In August my husband and I traveled to Costa Rica for what was supposed to be one of the world's first "Carbon Neutral Vacations."
As an occasional travel writer, I've found the leaning trend towards environmentally and socially conscious travel quite impressive. From giant, all-inclusive resorts in Jamaica to luxury hotels in Boulder, Colorado, it seems that no matter where I go these days everyone in the travel industry is making the leap to sustainable travel. I was curious, however, to experience something environmentally friendly enough to be deemed carbon neutral, meaning that any carbon emissions we would be releasing as a result of our trip would be offset by using sustainable providers, activities, materials and carbon credits.
Costa Rica, long a bastion for eco-friendly tourism, seems an obvious choice for such a bold attempt at sustainable travel, and our 7 day, 6 night trip began with a stay in San Jose.
We were picked up at the airport by a Nature Vacations representative, driving a certified carbon-neutral, locally grown and recycled biodiesel van. Neither my husband nor I had ever been to Costa Rica, and the afternoon we arrived there was a torrential downpour. We peered out the windows of the van as we wound through the narrow streets of the sprawling capital, muddy brown water rushing past in great sheets on the sidewalks. We climbed higher and higher, out of central San Jose and into the hills of Santa Barbara de Heredia where were we would spend the night at La Finca Rosa Blanca Country Inn, a beautiful place nestled in the lush green hills of an organic coffee farm, overlooking the teeming central metropolis of San Jose below.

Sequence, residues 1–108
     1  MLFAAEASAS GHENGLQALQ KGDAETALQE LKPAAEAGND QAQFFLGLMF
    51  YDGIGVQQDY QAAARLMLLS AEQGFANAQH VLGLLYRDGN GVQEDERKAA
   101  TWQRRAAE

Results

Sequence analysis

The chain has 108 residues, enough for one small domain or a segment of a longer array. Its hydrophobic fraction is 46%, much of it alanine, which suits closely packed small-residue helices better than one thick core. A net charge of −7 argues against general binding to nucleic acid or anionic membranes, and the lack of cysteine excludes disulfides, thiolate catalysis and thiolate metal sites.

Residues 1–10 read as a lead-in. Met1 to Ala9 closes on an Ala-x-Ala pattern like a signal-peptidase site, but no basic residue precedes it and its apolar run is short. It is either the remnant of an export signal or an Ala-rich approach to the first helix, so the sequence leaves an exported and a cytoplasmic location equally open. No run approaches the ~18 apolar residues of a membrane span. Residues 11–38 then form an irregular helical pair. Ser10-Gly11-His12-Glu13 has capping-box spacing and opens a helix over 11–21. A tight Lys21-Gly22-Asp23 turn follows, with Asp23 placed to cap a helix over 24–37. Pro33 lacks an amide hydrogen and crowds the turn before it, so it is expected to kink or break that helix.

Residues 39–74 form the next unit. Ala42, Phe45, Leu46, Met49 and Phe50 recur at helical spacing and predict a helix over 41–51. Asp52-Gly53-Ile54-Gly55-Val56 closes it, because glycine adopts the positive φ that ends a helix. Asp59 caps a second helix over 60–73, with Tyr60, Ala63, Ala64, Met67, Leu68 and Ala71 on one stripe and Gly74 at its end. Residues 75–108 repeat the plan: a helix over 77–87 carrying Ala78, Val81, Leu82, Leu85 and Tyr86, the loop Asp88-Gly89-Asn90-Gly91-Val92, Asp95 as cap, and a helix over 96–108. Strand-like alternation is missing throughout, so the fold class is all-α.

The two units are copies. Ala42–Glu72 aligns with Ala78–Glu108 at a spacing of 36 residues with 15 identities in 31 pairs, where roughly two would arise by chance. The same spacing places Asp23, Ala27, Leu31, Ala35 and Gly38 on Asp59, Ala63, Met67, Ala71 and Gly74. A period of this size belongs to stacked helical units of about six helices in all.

Owned by Glen and Teri Jampol, two American expats who left New York City in the 1970s to run the inn and raise their young daughters in the local Costa Rican school system, La Finca Rosa Blanca proved to be the height of sustainable luxury. In addition to being incredibly beautiful with its cool stucco rooms and sweeping views, the inn supports an organic coffee farm and a restaurant that takes advantage of the local produce and regional spices.